Analysis of the advantages of the expansion gold seed player Arbitrum
Rollup is finally here! With Arbitrum announcing its main web beta on May 29, the Ethereum community is finally about to achieve the long-awaited scalability. Our vision is: store the original data on Ethereum Layer1, while the costly execution and storage will be moved to Layer2. At the same time, the security of Rollup is guaranteed by Layer 1, so it is safer than other solutions such as side chains. The in-depth comparison of different Layer 2 solutions is shown in the figure below:
The history of Arbitrum can be traced back to 2014. At that time this was only a student project, and Professor Ed Felten was the mentor. From 2015 to 2017, Ed Felten worked as a consultant at the White House, and the project was interrupted for a while. It was only restarted in 2017, when Professor Ed Felten returned to Princeton University, and Steven Goldfeder and Harry Kalodner persuaded him to participate in the project again. Arbitrum has always been a Rollup project, but there was no such term at the time. Next, we will carefully study the Arbitrum Layer2 dispute resolution mechanism, which is the core of all architectures.
Multi-round dispute resolution mechanism
The purpose of Arbitrum has always been to resolve interactive disputes. Therefore, the name Arbitrum refers to the “arbitrator” in legal terms, which means the person who decides the dispute. If someone disputes the result after the transaction is executed, the verifier will use this method of arbitrating disputes to reach an agreement. In multiple rounds of interactive rollup, the program will repeatedly divide N instructions into K parts with a size of N/K until it finds specific execution steps that are controversial. The following is a diagram of the process:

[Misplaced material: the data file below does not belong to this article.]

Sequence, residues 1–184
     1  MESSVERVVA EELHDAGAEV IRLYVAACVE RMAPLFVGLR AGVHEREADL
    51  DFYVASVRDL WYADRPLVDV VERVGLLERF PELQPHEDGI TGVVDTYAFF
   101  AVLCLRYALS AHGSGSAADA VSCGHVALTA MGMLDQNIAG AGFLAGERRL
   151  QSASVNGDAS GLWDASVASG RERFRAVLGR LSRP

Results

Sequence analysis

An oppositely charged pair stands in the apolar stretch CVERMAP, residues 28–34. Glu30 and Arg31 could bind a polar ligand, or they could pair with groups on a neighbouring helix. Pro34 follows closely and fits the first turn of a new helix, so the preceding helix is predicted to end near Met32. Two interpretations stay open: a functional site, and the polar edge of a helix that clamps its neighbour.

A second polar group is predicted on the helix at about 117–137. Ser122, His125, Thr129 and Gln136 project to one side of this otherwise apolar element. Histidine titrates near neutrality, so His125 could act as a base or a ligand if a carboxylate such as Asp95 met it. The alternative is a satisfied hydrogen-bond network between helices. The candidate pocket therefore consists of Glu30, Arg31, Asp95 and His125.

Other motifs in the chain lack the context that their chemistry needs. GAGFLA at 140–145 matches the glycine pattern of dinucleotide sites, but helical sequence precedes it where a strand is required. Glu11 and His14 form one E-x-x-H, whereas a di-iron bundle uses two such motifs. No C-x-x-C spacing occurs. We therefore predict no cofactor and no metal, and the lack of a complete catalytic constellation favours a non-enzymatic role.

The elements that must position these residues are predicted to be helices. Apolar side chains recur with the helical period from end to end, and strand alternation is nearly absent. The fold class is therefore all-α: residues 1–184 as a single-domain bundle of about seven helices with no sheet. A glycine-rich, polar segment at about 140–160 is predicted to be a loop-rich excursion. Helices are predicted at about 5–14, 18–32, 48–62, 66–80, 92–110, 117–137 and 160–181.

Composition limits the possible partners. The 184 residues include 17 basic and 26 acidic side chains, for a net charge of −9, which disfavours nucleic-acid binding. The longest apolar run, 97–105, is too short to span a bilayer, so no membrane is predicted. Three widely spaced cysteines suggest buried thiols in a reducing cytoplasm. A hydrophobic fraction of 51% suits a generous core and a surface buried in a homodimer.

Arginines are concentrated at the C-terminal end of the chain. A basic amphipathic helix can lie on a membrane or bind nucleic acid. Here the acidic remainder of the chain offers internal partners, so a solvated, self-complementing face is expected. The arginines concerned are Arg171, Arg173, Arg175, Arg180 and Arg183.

In the event of a dispute, L 1 re-executes the last disputed step in the transaction to resolve the dispute and determine the winner of the dispute. The program divides the transaction into multiple steps, and only runs the disputed steps at L 1, reducing the cost of re-executing the entire process at L 1. Another significant benefit is that running smart contracts/transactions on Arbitrum is not restricted by the execution capacity/gas of Ethereum. We only need to publish a state certificate for the entire batch of transactions on Layer1, which reduces the overall cost. cost.
For single-round dispute resolution mechanisms such as Optimism, even if the dispute resolution occurs immediately and the additional time is not included in the multi-round mechanism (the additional time for Arbitrum is one week), L 1 must execute the entire transaction to verify. This means that Layer2 is limited by the gas fee of the Layer1 block. In addition, after each transaction, the state root needs to be published on the chain, which further increases the cost.